Equality is on the horizon, but it’s going to take a lot of steps to get us there. We can’t just switch the whole system on and off again to fix it up, we have to go bit by bit. And the first step is this, encouragement through separation and giving women, and all other ‘minorities’ some extra time to find that confidence that has been stolen from them.

Filigree Work

November 15, 2010

We’re being taught Whitework at the moment, last lesson on wednesday, sob sob sob. Jenny Adin-Christie is teaching us Whitework and she’s amazing. Super good teacher, lovely person too.

One of the lessons covered filigree work, embroidery on a surface so transparent that the thread that creates the aesthetic is the thread on the back of the work.

whitework1

You can also apply fabrics and pictures to the fabric from beneath-

whitework2

The text on the brown paper (stitched on with feather and thorn stitch) reads “Now you have touched the woman, you have struck a rock; you have dismantled a boulder; you will be crushed.”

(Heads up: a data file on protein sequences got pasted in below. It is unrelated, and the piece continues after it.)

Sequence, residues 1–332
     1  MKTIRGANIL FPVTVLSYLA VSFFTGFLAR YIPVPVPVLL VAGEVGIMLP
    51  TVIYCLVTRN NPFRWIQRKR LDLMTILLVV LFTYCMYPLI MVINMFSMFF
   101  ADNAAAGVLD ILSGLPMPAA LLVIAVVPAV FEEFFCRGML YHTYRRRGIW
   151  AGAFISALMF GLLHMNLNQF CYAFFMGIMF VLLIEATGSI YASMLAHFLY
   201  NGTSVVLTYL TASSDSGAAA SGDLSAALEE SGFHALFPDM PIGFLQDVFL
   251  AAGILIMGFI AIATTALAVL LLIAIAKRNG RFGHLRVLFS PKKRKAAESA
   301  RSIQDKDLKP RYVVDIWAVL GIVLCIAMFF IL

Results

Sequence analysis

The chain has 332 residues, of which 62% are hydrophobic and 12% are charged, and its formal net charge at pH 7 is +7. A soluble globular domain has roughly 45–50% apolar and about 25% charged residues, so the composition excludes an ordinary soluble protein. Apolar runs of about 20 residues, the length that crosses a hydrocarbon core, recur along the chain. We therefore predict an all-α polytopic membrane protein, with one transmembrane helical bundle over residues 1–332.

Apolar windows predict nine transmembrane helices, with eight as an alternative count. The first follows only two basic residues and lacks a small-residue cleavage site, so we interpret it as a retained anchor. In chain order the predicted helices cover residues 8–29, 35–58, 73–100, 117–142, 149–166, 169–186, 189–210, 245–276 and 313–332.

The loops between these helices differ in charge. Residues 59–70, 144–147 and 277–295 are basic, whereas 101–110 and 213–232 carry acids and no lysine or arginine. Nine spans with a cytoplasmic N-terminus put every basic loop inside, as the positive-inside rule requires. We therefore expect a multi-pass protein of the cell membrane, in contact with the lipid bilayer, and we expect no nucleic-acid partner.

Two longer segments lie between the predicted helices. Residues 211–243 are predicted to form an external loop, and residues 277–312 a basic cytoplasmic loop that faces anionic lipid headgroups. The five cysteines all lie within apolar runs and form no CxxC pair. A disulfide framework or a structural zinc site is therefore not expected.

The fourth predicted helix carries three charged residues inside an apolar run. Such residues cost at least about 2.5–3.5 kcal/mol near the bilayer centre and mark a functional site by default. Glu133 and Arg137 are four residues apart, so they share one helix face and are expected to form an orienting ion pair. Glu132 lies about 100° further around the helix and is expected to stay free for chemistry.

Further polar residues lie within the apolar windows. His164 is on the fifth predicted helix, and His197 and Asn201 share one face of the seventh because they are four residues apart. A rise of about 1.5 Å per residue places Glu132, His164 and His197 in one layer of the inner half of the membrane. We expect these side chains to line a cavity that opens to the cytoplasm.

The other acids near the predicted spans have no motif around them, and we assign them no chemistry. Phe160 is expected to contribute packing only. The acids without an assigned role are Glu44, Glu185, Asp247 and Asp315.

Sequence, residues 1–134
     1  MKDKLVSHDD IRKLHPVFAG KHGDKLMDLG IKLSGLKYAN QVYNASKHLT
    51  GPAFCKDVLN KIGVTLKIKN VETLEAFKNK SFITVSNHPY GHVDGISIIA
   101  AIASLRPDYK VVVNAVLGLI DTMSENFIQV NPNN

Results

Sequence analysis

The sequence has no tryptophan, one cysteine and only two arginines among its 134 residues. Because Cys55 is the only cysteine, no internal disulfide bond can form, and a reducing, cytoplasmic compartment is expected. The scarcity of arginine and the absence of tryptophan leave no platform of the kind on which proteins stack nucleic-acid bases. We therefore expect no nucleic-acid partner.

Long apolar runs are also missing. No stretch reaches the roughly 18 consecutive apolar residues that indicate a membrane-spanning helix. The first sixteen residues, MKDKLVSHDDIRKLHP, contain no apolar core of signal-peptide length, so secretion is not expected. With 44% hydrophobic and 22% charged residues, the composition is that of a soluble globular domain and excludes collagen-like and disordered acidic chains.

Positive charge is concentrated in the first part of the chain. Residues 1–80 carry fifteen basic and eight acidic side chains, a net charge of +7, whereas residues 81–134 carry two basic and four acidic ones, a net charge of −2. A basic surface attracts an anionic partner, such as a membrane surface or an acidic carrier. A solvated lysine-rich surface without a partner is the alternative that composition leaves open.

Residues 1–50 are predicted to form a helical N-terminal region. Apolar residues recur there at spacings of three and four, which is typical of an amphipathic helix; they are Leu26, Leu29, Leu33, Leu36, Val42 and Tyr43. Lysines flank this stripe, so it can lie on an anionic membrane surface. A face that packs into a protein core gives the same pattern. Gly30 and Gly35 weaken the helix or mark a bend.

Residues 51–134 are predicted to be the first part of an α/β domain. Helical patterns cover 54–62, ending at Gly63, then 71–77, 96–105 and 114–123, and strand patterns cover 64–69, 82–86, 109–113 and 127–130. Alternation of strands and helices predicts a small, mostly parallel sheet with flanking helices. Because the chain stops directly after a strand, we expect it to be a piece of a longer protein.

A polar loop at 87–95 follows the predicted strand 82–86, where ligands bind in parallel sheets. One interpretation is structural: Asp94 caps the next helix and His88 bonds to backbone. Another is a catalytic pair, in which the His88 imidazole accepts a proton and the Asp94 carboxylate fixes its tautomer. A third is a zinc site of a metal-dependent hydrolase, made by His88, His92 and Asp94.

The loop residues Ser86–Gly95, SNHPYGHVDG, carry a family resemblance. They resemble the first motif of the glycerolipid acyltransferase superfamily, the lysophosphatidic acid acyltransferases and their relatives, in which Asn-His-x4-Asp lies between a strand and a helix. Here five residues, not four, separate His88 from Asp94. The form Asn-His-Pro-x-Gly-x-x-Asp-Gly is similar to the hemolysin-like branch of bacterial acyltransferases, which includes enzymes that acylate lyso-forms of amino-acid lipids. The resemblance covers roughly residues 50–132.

This year is proving tricky.

Retraction

November 14, 2010

Before I go on to post anything else, I would just like to state that Vince Cable is a backstabbing worm and the piece of embroidery you see below is now viewed ironically (but no less treasured). Turns out that no Lib Dems up top* have principles.

Just for more info:
Here is what their website says about education and tuition fees:
“Liberal Democrats believe university education should be free and everyone who has the ability should be able to go to university and not be put off by the cost.” – http://www.libdems.org.uk/education.aspx
And this is what they do in power: http://www.bbc.co.uk/news/education-11677862

Yep.

*some of the ones with less power still do. yay!

St Vince

September 30, 2010

You know that awkward situation when you start a relationship with someone and then like a month later it’s their birthday? And you don’t know what to get them, do you get them something big- would that look OTT? Would something too small look like you didn’t actually like them? And what if it doesn’t last long enough for them to get you something for your birthday? Everyone knows birthday presents are a two way street. Well I get this quandary worse than normal people, I’m sure. Cos I like makin’ shit. I can’t give presents what I bought because it doesn’t seem right.